The good news is that God has met in Jesus Christ the spiritual longing that every human feels and may try to fill with things incapable of occupying it. Financial, social, physical, intellectual, relational, emotional, and recreational pursuits—as important and satisfying as they can be (witness Kansas City’s Super Bowl win)— cannot fill the spiritual longing shaped like Christ. The gospel is the answer to that stubborn  emptiness that refuses to be filled by worthy pursuits or worthless distractions. 

To be clear, that interior void is in the shape of Christ, not religion. Religion is man’s  attempt to draw near to God, while the ” gospel” is the good news that in Christ God came to us. Religion properly focused on developing our spiritual closeness to Christ can help, but is itself not the focus, nor was religious practice Christ’s focus while on earth. Listening to and heeding his Father was his focus. 

When people offer reasons for not liking church or religion, I can almost always agree with their reasons. The institutional church has not always represented Christ well, and often does not still, today. But those reasons don’t change who Jesus is. Most people—even people who eschew religion—admire, respect, or even love Jesus. And it is Jesus as he is who fills our spiritual longing. That said, a church focused on him can offer a supportive community essential to growth in mutual relationship with Christ.

So, back to the question, “What the heck is ‘the gospel?'” The gospel is that in Jesus Christ, God entered human form so that people could understand God; the gospel is that Jesus suffered hardship, temptation, and death, just like ourselves, yet was without sin, unlike ourselves. Since he had no sin to separate him from the “godhead” (Father, Son and Holy Spirit), the grave had no hold on him and he took up his life again. (This is why the disciples who abandoned him at his arrest went to their deaths refusing to deny him  as risen Lord and God-incarnate (Immanuel) (Matthew 1:23). Christ then transferred his payment for sin (of which he uniquely had none) to us who need it (1 John 2:2). Acceptance of that free gift of forgiveness secured by Christ’s atonement for sin on our behalf is what it means to be or become a Christian. It is that dependence (faith) on Christ’s forgiveness through no merit of our own that fills that spiritual void and gives us identity and purpose other areas of life cannot.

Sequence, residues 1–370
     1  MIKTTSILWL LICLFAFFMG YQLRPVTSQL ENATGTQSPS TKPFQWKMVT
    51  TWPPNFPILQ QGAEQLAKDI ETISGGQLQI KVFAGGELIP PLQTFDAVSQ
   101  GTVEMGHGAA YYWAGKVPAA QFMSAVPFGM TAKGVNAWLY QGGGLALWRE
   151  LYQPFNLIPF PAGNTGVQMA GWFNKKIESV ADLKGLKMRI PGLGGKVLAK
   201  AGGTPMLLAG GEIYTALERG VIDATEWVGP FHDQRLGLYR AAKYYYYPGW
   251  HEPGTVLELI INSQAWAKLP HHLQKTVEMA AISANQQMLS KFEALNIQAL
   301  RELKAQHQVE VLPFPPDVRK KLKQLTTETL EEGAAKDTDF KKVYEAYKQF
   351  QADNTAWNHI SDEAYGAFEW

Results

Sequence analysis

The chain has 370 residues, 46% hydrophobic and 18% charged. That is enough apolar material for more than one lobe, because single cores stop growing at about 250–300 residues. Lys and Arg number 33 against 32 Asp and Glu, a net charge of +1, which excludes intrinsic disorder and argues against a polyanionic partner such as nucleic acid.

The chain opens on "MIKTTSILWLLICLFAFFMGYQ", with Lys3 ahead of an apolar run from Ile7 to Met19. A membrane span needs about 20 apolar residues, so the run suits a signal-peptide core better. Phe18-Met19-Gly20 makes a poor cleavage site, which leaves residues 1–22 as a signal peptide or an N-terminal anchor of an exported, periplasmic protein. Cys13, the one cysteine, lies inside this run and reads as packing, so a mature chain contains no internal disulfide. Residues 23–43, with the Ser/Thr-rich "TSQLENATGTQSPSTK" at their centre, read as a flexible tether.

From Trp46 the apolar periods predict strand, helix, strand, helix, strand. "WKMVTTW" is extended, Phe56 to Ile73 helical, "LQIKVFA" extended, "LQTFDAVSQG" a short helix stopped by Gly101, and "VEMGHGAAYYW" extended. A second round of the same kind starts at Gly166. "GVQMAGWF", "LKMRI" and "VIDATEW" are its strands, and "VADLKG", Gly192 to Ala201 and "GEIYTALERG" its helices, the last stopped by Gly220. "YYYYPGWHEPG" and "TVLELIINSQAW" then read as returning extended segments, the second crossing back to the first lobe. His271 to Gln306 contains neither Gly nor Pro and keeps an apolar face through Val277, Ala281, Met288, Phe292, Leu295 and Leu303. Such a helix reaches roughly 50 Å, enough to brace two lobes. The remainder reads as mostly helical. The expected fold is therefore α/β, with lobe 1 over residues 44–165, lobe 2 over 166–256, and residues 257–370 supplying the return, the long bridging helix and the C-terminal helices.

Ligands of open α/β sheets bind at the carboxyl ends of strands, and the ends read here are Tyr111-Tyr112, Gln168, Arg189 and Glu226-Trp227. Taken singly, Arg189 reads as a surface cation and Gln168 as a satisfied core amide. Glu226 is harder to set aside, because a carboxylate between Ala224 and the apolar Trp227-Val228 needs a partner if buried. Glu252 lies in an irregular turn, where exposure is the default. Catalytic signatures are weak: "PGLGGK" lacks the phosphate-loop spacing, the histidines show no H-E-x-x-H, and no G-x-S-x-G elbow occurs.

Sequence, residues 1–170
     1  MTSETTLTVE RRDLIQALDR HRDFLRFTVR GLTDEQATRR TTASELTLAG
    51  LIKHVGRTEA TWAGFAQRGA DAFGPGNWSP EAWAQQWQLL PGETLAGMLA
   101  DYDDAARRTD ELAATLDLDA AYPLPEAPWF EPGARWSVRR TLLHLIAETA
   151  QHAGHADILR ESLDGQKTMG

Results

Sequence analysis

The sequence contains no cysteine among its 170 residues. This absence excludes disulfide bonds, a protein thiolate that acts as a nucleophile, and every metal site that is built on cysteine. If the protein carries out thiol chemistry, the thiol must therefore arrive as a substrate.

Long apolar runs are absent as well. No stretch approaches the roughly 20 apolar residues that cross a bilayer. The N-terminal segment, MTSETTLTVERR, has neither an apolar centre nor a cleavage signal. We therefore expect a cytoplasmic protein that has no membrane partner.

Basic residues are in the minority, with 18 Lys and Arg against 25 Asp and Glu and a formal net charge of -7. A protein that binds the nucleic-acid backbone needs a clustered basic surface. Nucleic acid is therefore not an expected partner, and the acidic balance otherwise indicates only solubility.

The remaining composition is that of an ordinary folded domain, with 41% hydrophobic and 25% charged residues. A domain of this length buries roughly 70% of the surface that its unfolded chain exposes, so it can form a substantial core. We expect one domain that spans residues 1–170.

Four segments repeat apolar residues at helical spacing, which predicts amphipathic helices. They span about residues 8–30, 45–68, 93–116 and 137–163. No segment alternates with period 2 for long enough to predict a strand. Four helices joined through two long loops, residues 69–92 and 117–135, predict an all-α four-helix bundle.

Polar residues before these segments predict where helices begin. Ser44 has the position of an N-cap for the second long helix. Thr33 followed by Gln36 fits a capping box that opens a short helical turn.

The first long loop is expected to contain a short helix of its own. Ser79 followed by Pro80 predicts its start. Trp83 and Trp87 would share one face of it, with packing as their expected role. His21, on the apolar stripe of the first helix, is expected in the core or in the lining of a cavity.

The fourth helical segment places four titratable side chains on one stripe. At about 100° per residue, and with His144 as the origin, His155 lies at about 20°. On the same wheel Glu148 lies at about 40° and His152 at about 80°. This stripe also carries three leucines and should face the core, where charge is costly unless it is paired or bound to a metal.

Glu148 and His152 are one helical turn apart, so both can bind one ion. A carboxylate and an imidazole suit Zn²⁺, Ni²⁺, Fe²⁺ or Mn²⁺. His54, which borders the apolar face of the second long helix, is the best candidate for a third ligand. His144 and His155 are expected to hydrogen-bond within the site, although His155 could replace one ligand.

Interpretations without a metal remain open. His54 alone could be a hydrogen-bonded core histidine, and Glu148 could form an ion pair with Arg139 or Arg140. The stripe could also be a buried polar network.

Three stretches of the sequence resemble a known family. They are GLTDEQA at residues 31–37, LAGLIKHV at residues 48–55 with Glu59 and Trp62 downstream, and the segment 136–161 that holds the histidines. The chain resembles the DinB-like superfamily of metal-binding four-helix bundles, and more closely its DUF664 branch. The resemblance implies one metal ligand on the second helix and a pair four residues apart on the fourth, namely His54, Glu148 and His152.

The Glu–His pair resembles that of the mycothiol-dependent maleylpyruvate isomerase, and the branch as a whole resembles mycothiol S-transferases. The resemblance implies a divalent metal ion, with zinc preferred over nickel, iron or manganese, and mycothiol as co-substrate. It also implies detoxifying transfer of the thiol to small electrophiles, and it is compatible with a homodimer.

As a counselor and pastor, I know this by experience. Therapists, psychologists, doctors and psychiatrists have good things to offer hurting or struggling people. But, therapy, insight, interpersonal skills, and even medication can not bring peace with God. Christ does. The Sinless one meets the sinful and welcomes us into a living relationship that fills our deepest longing. He says, “Come unto me all who are weary and heavily burdened and I will give you rest.” If life seems empty at its center, or its dimensions out of balance, Jesus invites:  “take on my yoke and find a secure fit. Jesus said, “I have come that they might have life, and have it to the full.”  (Matthew 11:28-29; John 10:9-10) 

The gospel is thus an invitation… an invitation from God to come to Jesus to come to life; it is an invitation to satisfy that deep interior longing, not with religion, but with a relationship. The gospel is not about us seeking after God, it is about God seeking after us. The gospel is that in Jesus Christ God came near, in order that we might know closeness with him; that we may know a love we’ve never known and be able to love others in a way more selfless than our own. 

God runs to us in Christ like the father in  Luke 15 ran to the prodigal son who had cut himself off from his father, but later turned back. In his father’s embrace the prodigal found welcome, not punishment; he found love, grace, peace, and life anew. That’s the reception that God gives through the gospel. Jesus Christ came to give us new life; life that completes us at our core. That infilling relationship can be found by accepting Jesus’ invitation, “Come unto me and find rest for your souls.” 

Like the prodigal, this means turning from imbalanced or false pursuits, to him who alone can fill the center of our being. It is trusting in his forgiveness and entrusting our lives to his leadership.

Pray, “Lord, Jesus Christ, take your place in my heart and life; fill that central place reserved for you. Forgive whatever separates me from you and lead me in life anew.” 

____________________ 

(Find videos of celebrities and of less celebrated people who have found their center in Christ at IAmSecond.com.)